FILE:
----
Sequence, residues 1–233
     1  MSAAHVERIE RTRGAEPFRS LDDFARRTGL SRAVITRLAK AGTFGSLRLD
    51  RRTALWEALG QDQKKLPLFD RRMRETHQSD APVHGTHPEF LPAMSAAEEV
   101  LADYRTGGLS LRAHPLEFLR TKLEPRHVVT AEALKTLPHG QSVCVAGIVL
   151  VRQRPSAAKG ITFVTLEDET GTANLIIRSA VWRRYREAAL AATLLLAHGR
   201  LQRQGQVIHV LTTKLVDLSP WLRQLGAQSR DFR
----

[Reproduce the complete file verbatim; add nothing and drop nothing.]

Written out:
Sequence, residues 1–233
     1  MSAAHVERIE RTRGAEPFRS LDDFARRTGL SRAVITRLAK AGTFGSLRLD
    51  RRTALWEALG QDQKKLPLFD RRMRETHQSD APVHGTHPEF LPAMSAAEEV
   101  LADYRTGGLS LRAHPLEFLR TKLEPRHVVT AEALKTLPHG QSVCVAGIVL
   151  VRQRPSAAKG ITFVTLEDET GTANLIIRSA VWRRYREAAL AATLLLAHGR
   201  LQRQGQVIHV LTTKLVDLSP WLRQLGAQSR DFR